I tend not to update the whole distro. If something needs upgrading then I'll just do that from source. I certainly can't be bothered with all that checkinstall stuff! It's not like having multiple versions of libraries causes problems and I rarely remove anything!
 
Old 04-10-2005, 10:18 AM   #13
perfect_circle
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Quote:
Originally posted by Komakino
I tend not to update the whole distro. If something needs upgrading then I'll just do that from source. I certainly can't be bothered with all that checkinstall stuff! It's not like having multiple versions of libraries causes problems and I rarely remove anything!
Packing things manually using makepkg is a burden, personally I like that, and I try to do it right. I take care of the permissions, I always make sure the executables have root.bin for owner.group, strip the libraries and the executable, gz the man and the info pages, add the documentation, create SlackBuild scripts,

but checkinstall , just monitors make install. You just have to add a small packet description and that is optional. Obviously you have never even tried it, because it's not more difficult than just doing make install. In the directory the Makefile exists you simply do "checkinstall" instead of "make install". The patched version for slackware is in the /extra of the 3rd cd. It's just a few kbytes. You may download it from a mirror. Not wanting to pack your programs if you know the chances is your choice, but I don't think you should advise newbies to do so. Threads like "how do i uninstall a program I compiled" are posted All the time.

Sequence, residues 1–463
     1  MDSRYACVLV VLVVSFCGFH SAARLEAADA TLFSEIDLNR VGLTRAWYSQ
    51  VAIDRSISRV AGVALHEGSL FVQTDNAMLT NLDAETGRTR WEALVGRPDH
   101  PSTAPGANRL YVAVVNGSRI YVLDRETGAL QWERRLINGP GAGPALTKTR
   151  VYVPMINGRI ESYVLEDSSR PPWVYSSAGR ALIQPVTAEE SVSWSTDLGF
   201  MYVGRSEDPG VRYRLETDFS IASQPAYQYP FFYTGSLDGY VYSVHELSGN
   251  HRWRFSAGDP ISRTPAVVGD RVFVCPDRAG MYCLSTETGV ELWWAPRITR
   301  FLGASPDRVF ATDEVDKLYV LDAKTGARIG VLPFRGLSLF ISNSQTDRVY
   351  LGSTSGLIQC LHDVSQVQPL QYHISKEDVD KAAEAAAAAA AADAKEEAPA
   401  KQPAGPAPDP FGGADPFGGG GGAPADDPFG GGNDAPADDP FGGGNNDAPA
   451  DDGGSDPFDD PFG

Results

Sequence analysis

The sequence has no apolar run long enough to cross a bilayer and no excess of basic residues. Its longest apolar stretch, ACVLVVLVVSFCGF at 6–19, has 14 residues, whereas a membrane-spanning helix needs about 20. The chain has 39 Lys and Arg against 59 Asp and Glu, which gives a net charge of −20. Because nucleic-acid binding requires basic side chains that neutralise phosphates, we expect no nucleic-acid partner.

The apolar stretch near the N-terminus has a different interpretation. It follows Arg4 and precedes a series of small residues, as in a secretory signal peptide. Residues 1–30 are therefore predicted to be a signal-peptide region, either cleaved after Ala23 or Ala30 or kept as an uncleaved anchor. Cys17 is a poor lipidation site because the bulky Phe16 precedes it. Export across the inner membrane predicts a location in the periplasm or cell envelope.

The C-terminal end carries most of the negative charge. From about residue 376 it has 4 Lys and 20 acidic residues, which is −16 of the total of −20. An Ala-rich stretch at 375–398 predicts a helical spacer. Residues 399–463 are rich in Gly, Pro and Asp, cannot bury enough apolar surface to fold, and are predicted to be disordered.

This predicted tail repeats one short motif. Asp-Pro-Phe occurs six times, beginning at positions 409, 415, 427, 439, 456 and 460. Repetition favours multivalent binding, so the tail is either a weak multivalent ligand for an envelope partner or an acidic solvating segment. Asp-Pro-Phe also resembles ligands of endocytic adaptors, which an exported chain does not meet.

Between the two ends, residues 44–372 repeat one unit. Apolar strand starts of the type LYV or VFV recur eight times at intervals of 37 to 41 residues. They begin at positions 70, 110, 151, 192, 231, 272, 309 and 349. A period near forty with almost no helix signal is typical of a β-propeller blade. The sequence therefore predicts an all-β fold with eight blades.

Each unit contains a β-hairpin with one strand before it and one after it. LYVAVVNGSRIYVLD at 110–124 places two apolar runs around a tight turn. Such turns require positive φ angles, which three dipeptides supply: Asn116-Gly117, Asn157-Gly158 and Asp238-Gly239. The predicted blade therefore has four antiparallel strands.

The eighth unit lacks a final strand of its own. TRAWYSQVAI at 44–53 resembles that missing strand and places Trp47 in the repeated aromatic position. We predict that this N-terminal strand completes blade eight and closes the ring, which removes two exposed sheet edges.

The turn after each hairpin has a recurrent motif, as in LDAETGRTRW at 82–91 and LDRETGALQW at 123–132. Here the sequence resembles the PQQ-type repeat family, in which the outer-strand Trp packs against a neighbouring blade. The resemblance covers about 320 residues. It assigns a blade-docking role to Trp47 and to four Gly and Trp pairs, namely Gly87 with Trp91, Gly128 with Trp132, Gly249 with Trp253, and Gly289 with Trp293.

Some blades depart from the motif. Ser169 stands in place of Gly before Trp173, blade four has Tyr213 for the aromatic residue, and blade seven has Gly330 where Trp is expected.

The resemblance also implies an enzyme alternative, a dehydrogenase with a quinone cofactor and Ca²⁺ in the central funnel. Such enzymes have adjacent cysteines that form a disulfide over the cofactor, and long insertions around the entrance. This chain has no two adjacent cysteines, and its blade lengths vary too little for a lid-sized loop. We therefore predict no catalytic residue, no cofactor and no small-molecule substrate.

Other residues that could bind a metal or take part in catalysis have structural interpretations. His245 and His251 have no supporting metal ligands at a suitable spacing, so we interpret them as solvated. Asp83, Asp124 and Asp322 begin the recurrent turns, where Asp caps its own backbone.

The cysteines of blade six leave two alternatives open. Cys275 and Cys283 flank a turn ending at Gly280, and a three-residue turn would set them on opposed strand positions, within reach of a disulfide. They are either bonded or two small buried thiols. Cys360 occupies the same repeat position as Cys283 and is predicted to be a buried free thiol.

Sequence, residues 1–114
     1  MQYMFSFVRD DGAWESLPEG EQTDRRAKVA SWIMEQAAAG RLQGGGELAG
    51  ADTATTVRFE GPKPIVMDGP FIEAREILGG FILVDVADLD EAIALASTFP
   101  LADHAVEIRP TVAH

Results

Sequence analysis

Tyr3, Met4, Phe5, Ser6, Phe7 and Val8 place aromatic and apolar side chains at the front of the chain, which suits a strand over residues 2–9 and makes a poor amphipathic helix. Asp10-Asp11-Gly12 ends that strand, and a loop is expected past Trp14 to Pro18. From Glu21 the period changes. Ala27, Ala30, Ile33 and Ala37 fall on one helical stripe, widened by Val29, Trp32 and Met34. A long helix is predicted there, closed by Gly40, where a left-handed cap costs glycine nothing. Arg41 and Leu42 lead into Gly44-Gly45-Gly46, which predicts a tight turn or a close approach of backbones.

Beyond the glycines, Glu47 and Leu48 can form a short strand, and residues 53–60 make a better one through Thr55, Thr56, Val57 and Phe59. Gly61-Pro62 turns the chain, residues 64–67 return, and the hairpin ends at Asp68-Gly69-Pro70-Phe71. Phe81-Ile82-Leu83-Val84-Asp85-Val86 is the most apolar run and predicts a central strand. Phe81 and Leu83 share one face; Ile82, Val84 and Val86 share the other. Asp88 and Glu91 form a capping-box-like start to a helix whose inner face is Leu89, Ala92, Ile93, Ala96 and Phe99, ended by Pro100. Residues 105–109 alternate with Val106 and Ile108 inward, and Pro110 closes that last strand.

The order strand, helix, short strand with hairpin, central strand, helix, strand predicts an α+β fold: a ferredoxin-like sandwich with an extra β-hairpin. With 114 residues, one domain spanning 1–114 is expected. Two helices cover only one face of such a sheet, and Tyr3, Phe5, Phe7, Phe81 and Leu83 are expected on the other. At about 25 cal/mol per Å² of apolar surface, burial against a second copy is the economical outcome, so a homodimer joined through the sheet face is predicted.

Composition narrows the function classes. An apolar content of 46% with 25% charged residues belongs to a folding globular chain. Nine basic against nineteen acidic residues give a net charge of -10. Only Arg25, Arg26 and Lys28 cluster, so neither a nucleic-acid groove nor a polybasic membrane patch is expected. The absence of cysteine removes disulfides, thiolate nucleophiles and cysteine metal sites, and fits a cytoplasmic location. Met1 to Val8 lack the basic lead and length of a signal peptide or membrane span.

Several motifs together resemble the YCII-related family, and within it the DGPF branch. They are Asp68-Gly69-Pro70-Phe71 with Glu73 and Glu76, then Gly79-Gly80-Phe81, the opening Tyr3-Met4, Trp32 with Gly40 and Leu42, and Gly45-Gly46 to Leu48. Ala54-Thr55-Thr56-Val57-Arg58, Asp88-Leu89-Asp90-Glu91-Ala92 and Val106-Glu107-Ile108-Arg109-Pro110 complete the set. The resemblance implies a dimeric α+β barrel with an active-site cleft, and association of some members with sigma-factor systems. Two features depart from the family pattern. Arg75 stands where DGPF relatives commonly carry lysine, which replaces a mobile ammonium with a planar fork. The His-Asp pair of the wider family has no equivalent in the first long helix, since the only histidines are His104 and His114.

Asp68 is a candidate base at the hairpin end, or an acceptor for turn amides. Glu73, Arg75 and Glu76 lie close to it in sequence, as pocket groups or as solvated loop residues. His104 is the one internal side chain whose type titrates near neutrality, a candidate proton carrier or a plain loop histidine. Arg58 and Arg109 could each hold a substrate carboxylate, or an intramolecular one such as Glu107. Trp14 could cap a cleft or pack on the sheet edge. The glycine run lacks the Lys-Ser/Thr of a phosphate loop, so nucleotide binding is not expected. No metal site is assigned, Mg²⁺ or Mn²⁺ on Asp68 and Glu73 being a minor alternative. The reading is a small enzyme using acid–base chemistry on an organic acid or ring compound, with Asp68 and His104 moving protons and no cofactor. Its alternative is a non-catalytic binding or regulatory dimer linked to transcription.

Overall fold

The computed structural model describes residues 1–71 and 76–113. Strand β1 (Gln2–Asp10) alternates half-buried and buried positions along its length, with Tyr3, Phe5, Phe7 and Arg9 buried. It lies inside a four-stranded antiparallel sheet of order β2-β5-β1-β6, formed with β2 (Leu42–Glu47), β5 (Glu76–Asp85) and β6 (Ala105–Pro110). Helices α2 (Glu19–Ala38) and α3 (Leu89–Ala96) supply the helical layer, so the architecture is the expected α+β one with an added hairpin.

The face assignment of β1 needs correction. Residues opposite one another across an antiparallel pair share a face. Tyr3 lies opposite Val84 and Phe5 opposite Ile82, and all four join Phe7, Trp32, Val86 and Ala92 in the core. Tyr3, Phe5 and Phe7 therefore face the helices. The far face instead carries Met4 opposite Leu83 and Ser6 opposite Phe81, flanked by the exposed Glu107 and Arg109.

whatpot, check if checkinstall is installed in your distro. I haven't installed suse for years, but I have a SuSE 9.1 dvd and I've checked. There is a /suse/i586/checkinstall-1.6.0beta3-8.i586.rpm in there.
Instead of make install do checkinstall, and the package you install will be added in your rpm database. So you can handle it as a normal rpm and remove it with
rpm -e <package name>
 
Old 04-10-2005, 01:39 PM   #14
chbin
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Why would anyone not want to use some sort of package management??? I don't get it. How hard is it to build from source and then make a package? Otherwise when you just slam version after version of an app, you are going to get orphaned files.

After upgrading enough libraries and not removing the old, it is inevitable that you are going to have problems. What gets linked to what, what headers does new source use to compile against, etc. That is totally not necessary to even deal with.
 
Old 04-10-2005, 01:44 PM   #15
Komakino
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Quote:
Originally posted by chbin
Why would anyone not want to use some sort of package management??? I don't get it. How hard is it to build from source and then make a package? Otherwise when you just slam version after version of an app, you are going to get orphaned files.

After upgrading enough libraries and not removing the old, it is inevitable that you are going to have problems. What gets linked to what, what headers does new source use to compile against, etc. That is totally not necessary to even deal with.
Because I don't like package management. I rarely if ever remove anything. If you install a new library + headers the pkg-config pc file is overwritten. Any new apps will use the newest headers and libraries, any already installed apps will continue to link against whatever they were compiled against. I've not had a problem in 18 months. It's not so much that I'm opposed to checkinstall, I've just never really gotten around to trying it...I guess because I've never needed it.